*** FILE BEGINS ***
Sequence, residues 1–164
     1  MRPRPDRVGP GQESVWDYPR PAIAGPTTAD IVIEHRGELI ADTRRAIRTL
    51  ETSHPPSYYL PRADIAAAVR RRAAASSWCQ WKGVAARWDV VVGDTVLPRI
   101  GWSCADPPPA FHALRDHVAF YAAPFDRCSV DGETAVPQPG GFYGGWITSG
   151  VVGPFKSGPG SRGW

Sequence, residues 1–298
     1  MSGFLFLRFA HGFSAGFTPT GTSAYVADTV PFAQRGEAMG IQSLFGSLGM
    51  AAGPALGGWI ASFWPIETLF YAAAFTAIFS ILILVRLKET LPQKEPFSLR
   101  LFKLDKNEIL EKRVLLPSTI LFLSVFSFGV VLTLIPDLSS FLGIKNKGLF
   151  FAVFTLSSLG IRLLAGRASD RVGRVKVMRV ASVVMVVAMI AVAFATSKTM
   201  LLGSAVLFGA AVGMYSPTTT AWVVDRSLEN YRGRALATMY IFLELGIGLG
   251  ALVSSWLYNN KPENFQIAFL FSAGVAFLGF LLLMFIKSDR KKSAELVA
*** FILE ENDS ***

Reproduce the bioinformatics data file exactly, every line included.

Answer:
Sequence, residues 1–164
     1  MRPRPDRVGP GQESVWDYPR PAIAGPTTAD IVIEHRGELI ADTRRAIRTL
    51  ETSHPPSYYL PRADIAAAVR RRAAASSWCQ WKGVAARWDV VVGDTVLPRI
   101  GWSCADPPPA FHALRDHVAF YAAPFDRCSV DGETAVPQPG GFYGGWITSG
   151  VVGPFKSGPG SRGW

Sequence, residues 1–298
     1  MSGFLFLRFA HGFSAGFTPT GTSAYVADTV PFAQRGEAMG IQSLFGSLGM
    51  AAGPALGGWI ASFWPIETLF YAAAFTAIFS ILILVRLKET LPQKEPFSLR
   101  LFKLDKNEIL EKRVLLPSTI LFLSVFSFGV VLTLIPDLSS FLGIKNKGLF
   151  FAVFTLSSLG IRLLAGRASD RVGRVKVMRV ASVVMVVAMI AVAFATSKTM
   201  LLGSAVLFGA AVGMYSPTTT AWVVDRSLEN YRGRALATMY IFLELGIGLG
   251  ALVSSWLYNN KPENFQIAFL FSAGVAFLGF LLLMFIKSDR KKSAELVA